Sitting down to listen to an album for the first time is one of my favorite things to do. There’s that brief moment — after you’ve put on a new CD or playlist, turned up your sound system, adjusted a favorite pair of headphones, and pressed play — when there is only silence and you just simply wait for the music to begin. Whether it’s an album you’ve anxiously awaited from a beloved band or a recently discovered artist, all of your hopes exist inside that one moment: you want to be moved by, and fall in love with, the music that you are about to hear.
Reality doesn’t always live up to our hopes, though. Rare is the album that grabs the listener at the first song and holds on to them until the final note has played. This is especially true today in a music industry more focused on creating hits through the packaging and marketing of its artists, than through their creativity and talent. The big labels release formulaic albums that contain the requisite number of over-produced, auto-tuned pop singles with “filler tunes” added to flesh it out. For this reason, only a handful of current albums demand that I listen to it all the way through, from beginning to end, every time I play them. Not surprisingly, most of those albums are the richly layered creations of indie artists like Bardot, whose impressive, self-titled, debut EP (set to release on October 1, 2013), is one such treasure.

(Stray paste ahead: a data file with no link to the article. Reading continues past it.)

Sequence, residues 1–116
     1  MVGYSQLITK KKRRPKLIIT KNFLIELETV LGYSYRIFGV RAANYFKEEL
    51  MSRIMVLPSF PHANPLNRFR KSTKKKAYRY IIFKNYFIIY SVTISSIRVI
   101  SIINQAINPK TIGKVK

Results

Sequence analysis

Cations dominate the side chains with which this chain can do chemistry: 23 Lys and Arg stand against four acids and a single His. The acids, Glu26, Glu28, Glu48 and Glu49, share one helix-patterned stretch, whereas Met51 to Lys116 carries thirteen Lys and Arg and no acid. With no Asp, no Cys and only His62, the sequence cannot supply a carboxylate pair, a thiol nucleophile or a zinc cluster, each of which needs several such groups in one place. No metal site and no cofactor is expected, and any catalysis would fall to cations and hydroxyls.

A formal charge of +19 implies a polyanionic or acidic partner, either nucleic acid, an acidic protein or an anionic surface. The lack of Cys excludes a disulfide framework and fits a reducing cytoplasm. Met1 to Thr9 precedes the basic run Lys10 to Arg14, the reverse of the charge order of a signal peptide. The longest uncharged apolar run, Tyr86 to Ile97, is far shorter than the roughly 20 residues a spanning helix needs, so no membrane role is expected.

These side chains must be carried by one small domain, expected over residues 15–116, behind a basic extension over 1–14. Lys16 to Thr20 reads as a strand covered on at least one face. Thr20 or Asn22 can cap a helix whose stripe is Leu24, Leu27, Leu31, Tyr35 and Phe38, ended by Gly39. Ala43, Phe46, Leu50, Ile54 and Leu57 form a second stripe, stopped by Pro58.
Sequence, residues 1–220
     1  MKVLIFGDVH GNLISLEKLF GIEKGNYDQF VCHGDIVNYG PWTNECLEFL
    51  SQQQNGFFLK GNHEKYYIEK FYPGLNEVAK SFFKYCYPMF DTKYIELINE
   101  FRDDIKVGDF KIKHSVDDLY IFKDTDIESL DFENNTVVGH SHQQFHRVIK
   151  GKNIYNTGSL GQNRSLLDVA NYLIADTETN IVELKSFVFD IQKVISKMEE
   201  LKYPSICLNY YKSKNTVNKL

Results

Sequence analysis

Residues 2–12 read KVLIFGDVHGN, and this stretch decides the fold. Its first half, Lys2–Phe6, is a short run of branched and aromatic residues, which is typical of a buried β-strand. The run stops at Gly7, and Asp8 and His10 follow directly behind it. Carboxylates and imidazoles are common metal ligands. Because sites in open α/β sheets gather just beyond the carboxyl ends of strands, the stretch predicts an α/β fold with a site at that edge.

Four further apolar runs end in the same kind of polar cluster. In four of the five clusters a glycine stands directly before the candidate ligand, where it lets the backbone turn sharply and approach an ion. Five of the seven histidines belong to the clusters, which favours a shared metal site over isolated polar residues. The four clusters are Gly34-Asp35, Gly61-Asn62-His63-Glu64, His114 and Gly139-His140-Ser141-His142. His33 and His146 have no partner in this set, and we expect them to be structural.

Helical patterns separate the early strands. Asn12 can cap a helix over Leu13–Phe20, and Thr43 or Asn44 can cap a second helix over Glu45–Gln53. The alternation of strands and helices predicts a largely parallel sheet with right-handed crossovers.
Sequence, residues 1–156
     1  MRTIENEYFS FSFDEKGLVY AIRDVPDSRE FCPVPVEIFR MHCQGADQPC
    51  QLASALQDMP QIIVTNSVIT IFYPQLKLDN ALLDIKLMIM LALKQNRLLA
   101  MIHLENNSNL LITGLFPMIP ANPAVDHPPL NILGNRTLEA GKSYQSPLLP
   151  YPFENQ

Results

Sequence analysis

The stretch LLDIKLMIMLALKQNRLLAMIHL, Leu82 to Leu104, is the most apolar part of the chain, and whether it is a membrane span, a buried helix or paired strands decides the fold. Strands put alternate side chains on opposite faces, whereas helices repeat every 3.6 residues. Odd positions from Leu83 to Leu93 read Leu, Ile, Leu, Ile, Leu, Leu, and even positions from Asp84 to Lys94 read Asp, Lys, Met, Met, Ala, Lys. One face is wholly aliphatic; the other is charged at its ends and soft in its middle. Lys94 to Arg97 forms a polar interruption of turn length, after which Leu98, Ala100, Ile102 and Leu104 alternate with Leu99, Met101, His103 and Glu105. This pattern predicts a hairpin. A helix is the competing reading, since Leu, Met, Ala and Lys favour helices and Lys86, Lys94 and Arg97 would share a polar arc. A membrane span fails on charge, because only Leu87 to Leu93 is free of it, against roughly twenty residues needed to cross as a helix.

Formed in New York City in 2011, Bardot features Ariel Aparicio (guitar/lead vocals), Steve Dawson (guitar/vocals), Pemberton Roach (bass/vocals) and Dave Berger (drums/keys/vocals). The band members frequently worked with each other over the years, often as the backing band during Aparicio’s solo shows: “They’re some of my favorite NYC musicians and definitely three of the best guys out there!!” (See: Fourculture, issue 2, Sept/Oct. 2012)
Bardot has been described as “a little Iggy, Velvet Underground, Talking Heads, Bowie and T. Rex” and while I definitely see the influence of these artists in the band’s sound, this album’s lyric driven and distinctly retro vibe, along with its stripped down and highly polished arrangements, is completely, uniquely Bardot. And that’s a very good thing.
Bardot opens with the first single “Sylvia My Love,” a captivating and funky gem with a catchy chorus and a lush bridge. “History of Ferris Wheels” is a fun, upbeat track that rocks a very retro vibe and great instrumentals. It is followed by “Satellite,” a haunting, moody track that is one of my favorites on the album and the foot tapping, feel good track, “Still the Rains” that will have you bopping your head and singing along.
The heaviest track, “Minority Majority,” uses clever lyrics, simple harmonies, and great guitar riffs to make its point without being heavy handed. You just may be surprised to find yourself singing along to the closing refrain: “Don’t let your majority…vote on my minority.” The sixth track is a stripped back, awesome cover of Led Zeppelin’s, “D’yer Maker.” I especially love how the song’s reggae roots shine through Aparicio’s soft, sexy, breathy vocals. The final track, “Little Face,” closes the album with a sweet and upbeat song steeped in Bardot’s unique sound. It also has a chorus so catchy that my 15-year-old son and I were happily singing along the very first time we heard it.
Bardot is an outstanding album that only gets better with every listen. That’s not to say that there isn’t plenty to enjoy the first time you hear it but rather, that to truly savor the rich musical complexity on offer a few uninterrupted listens is highly recommended.
— Marguerite M. O’Connell